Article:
MEMPHIS, Tenn. — We’re working to learn more after a deadly crash on I-55 claimed the life of a TDOT employee.
The Tennessee Department of Transportation says that a worker was killed after being hit by a car while they inspected a bridge Friday. The crash left the highway shut down for hours.
Jeania Daugherty was in the car behind the one that hit the worker. She says she can’t get the image out of her head.
“He was on the left-hand side trying to cross the street, and he saw there wasn’t no one in that lane that he was coming from and tried to merge all the way over to the next lane,” Daugherty said. “And as people were slowing, it was a car that was approaching, and as the car was approaching it was too late to stop.”
Experts say it was a crash that could have been prevented.
Driving instructor Max Maxwell says he sees people going way too fast every day, especially in work zones.
“They have a tough job, TDOT workers,” Maxwell said. “I don’t think that you would like someone driving through your workspace at 75, 80, 90 mph. So they’ve got a tough job.”
According to 2020 data from TDOT, two percent of crashes statewide happen in work zones, and nine out of 20 of them happen on interstates.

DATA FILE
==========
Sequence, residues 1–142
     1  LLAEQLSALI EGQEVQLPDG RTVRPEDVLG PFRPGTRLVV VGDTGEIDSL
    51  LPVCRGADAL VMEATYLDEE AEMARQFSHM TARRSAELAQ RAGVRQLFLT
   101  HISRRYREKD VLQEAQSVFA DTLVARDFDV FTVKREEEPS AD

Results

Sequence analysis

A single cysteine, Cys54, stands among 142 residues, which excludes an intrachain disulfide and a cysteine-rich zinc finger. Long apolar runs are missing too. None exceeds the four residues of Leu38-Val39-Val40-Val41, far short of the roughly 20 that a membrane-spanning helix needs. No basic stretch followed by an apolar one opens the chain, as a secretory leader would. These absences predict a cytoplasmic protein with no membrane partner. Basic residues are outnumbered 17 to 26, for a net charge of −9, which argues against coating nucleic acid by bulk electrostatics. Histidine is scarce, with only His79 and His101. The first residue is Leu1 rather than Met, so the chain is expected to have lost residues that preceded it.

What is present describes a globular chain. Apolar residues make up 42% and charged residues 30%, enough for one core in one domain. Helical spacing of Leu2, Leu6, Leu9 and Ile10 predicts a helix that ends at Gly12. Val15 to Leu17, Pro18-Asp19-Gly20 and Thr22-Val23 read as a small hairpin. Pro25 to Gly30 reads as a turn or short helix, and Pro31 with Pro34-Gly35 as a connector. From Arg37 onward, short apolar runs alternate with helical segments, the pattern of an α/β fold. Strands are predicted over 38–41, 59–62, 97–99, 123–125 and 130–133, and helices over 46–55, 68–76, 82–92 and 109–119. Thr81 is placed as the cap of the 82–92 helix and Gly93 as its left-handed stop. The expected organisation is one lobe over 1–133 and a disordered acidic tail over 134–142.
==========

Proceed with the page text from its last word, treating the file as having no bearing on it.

Of those crashes in work zones, statistics show they’re three times more likely to be fatal.
“When you see emergency, or TDOT, or any construction going on on the interstate, whether you see workers or not, you need to slow down and move over. If the barrels are next to you, honestly it’s safer to move over to the next lane,” Maxwell said.
Maxwell says TDOT does a good job of warning drivers when a work zone is ahead, with flashing lights, move-over signs, and barrels or cones.
Daugherty, however, says none of those warnings were present when Friday’s crash happened.
“TDOT should have had someone having a TDOT sign to let everybody know to merge over to the right lane,” Daugherty said.
WREG reached out to TDOT to see if any warning signs were present at the time of the accident, but they declined to comment pending further investigation.
The Memphis Police Department was also not available to speak on possible charges. The Tennessee Highway Patrol has not yet responded for comment.